Some common problems include:


  • Epilepsy: as with humans, some dog breeds - Kooikers included - can suffer from epileptic seizures. Can be managed with proper care;

  • Bloat: Kooikers have a big appetite, which makes them quite prone to bloat and eating disorders if owners do not maintain a strict feeding regimen;

  • Hereditary Necrotising Myelopathy (ENM): a neurological disease that affects Kooikers. Can be prevented through DNA testing;

  • Von Willebrands disease: a common blood clot disorder that is caused by deficiencies of Von Willebrand factor. Can be diagnosed and prevented through DNA testing.



How long do Kooikerhondje dogs live? - 12-15 years


Exercise & Play Time

Kooikerhondjes are a medium energy breed, so they should be getting frequent exercise outdoors and be permitted to play and roam whilst supervised. Budget about an hour every day to take your Kooiker out for a nice walk, and allow plenty of off-lead time at home in the garden if possible.


Originally bred for hunting waterfowl, Kooikers have a prey drive that must be satiated. Throwing a stick or ball will keep them happy and tired, which is important for good health. Furthermore, since Kooikers were bred for hunting ducks and other waterfowl, they normally have no problem at all splishing and splashing in watercourses.


Young puppies should be introduced to water gradually so as to avoid traumatisation, but once they’re accustomed to dipping their paws in the water they’ll be swimming whenever they get the chance.


How much exercise does a Kooikerhondje dog need? - About 1 hour per day

Do Kooikerhondje dogs like water play? Yes, they love to be around water.


Nutrition & Feeding

Although small in stature, Kooikers have a fairly large appetite and should be fed only high-quality dog food rich in nutrients and complete with proteins, vitamins, and minerals to promote good health. Raw and cold-pressed diets may be a good alternative to kibble but speak with your veterinarian before making any significant modifications to the breeder’s feeding schedule.


Puppies should be fed in three or four sessions daily whilst adult Kooikers should be fed twice daily. It is crucial that you maintain a strict regimen for feeding, and only adjust as necessary and while monitoring any weight gain that may arise from overfeeding. Kooikers are prone to bloat and overeating.


Are Kooikerhondje dogs prone to weight gain? Yes.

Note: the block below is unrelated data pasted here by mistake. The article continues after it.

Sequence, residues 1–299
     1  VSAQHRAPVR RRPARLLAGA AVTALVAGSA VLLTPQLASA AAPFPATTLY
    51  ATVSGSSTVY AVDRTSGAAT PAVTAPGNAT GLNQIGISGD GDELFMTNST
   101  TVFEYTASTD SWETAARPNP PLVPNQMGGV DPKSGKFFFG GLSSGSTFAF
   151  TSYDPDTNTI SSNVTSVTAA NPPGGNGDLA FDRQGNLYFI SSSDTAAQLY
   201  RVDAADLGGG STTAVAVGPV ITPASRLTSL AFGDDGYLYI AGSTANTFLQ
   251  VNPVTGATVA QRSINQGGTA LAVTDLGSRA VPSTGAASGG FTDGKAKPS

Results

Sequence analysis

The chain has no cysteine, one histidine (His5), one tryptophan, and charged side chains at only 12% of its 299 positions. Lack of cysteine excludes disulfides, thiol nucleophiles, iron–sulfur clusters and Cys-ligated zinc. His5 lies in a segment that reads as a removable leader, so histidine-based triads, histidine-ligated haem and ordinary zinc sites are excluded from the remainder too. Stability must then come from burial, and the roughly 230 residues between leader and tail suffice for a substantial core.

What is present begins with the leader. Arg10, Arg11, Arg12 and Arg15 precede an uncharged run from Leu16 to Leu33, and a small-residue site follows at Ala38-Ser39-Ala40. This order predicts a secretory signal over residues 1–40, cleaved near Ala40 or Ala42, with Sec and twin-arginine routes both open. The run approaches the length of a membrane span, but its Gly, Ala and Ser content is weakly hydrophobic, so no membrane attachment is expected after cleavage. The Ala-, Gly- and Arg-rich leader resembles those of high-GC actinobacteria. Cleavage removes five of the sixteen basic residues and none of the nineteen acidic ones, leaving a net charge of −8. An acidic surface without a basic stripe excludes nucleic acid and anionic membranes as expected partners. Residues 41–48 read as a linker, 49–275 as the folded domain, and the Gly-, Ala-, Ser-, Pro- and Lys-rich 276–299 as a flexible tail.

How much should I feed a Kooikerhondje puppy? About 100-180g per day, in 3-4 sessions.

How much should I feed an adult Kooikerhondje dog? About 125-160g per day, in total.


Care & Maintenance

Grooming for your Kooiker shouldn’t be too demanding, with only a couple of grooming sessions per week to maintain their beautiful tan and white coats. Although they do shed a fair amount of hair, there aren’t any specific grooming requirements out of the ordinary.


In terms of emotional care, Kooikers love to be around others and may become bored if left alone for too long. They develop a loving, faithful connection to their owners and their families, so that love should be reciprocated frequently.


- Grooming: once or twice a week, use a brush to remove any dead hairs and to keep their coat healthy and beautiful. Take care around sections of their ears and tail with longer hair, which can become tangled fairly easily. Inspect their ears and eyes for possible infections.

- Emotional care: Kooikers will not tolerate being left alone for more than a few hours, and may become bored and possibly destructive, chewing shoes, furniture, and upholstery, for example. Do not make a habit of leaving him alone for too long, too often.


History of the Kooikerhondje

The exact origins of the Kooikerhondje are unclear, although many have claimed that it is the ancestor of the Nova Scotia Duck Tolling Retriever. What is more certain, however, is that the breed was widely used as far back as the 16th century in the Netherlands.


The etymology of the Dutch Kooikerhondje can be traced to kooien ‘cages,’ shaped like a canal with traps at both ends suitable for trapping ducks and waterfowl, ergo Kooiker ‘hunter,’ and hondje ‘dog’ (c.f. hound). This breed was most prevalent in his native Netherlands and remains rare in the UK and elsewhere to this day.


During the Second World War, Kooikerhondjes were nearly driven to extinction. Numbers stabilised following the war and the breed was officially recognised by the Dutch Kennel Club in 1971. The breed is recognised by the Kennel Club here in the UK, although its original classification as a gundog was later modified in 2014 to utility instead.


Interesting Facts About Kooikerhondje Dogs

  • Famous painters such as Rembrandt and Jan Steen have depicted this majestic breed in paintings from the 17th and 18th centuries;

  • Although high in demand, Kooikerhondjes remain extremely scarce in supply in the UK. Less than a hundred are registered in the UK as of 2021;

  • The Kooikerhondje’s magnificent tail acts as a decoy and lure for ducks, whereby the Kooiker draws the duck out of hiding and towards the tail and ultimately into a hunter’s trap.


Getting a Kooikerhondje Puppy

For a prospective pet owner looking to purchase a Kooikerhondje puppy, it is important to consider your duties and responsibilities beforehand. Please consult our buying guide for more information on how to avoid purchasing from puppy mills and how to purchase a healthy, happy puppy bred in ethical conditions.


How much does a Kooikerhondje cost to buy? - About £600-£900.

How much does a Kooikerhondje cost to feed? - An adult Kooikerhondje costs about £1.00-£1.40 per day to feed.

How much does insurance for a Kooikerhondje cost? - About £25-£45 per month.


Sensible alternatives to purchasing a new Kooikerhondje puppy include rescue and adoption.


Additional resources can be found via Kooikerhondje registries and associations such as: